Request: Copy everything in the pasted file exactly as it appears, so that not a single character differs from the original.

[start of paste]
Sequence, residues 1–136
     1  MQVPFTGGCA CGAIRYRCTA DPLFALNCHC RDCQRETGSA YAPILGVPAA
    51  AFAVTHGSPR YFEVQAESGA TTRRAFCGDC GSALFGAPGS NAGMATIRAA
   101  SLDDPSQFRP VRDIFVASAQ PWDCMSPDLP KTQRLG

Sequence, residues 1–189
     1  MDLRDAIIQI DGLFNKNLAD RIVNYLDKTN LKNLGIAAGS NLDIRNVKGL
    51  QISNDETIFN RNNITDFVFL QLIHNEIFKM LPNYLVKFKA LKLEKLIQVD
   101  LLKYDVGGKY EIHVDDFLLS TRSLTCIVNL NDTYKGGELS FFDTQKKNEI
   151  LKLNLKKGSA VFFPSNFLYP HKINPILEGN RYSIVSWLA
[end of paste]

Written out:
Sequence, residues 1–136
     1  MQVPFTGGCA CGAIRYRCTA DPLFALNCHC RDCQRETGSA YAPILGVPAA
    51  AFAVTHGSPR YFEVQAESGA TTRRAFCGDC GSALFGAPGS NAGMATIRAA
   101  SLDDPSQFRP VRDIFVASAQ PWDCMSPDLP KTQRLG

Sequence, residues 1–189
     1  MDLRDAIIQI DGLFNKNLAD RIVNYLDKTN LKNLGIAAGS NLDIRNVKGL
    51  QISNDETIFN RNNITDFVFL QLIHNEIFKM LPNYLVKFKA LKLEKLIQVD
   101  LLKYDVGGKY EIHVDDFLLS TRSLTCIVNL NDTYKGGELS FFDTQKKNEI
   151  LKLNLKKGSA VFFPSNFLYP HKINPILEGN RYSIVSWLA